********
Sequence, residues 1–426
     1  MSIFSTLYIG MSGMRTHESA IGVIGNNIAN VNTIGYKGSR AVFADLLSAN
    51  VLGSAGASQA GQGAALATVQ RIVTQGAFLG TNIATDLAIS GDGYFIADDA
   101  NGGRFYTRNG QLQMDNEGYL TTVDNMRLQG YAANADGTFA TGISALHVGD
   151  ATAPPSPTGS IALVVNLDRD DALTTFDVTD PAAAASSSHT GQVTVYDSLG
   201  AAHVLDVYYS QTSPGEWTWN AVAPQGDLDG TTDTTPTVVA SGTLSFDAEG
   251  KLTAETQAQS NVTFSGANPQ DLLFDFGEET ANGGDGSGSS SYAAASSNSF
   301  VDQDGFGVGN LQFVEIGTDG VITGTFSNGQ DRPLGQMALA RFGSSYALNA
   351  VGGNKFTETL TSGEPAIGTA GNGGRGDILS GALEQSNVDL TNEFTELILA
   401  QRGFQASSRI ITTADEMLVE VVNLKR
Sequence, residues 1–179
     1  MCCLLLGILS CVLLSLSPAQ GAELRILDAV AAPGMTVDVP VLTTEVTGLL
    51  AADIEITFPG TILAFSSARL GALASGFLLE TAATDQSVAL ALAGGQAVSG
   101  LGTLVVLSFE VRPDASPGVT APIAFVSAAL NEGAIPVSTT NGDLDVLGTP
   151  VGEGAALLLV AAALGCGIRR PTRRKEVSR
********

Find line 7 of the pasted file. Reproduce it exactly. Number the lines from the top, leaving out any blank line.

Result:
   251  KLTAETQAQS NVTFSGANPQ DLLFDFGEET ANGGDGSGSS SYAAASSNSF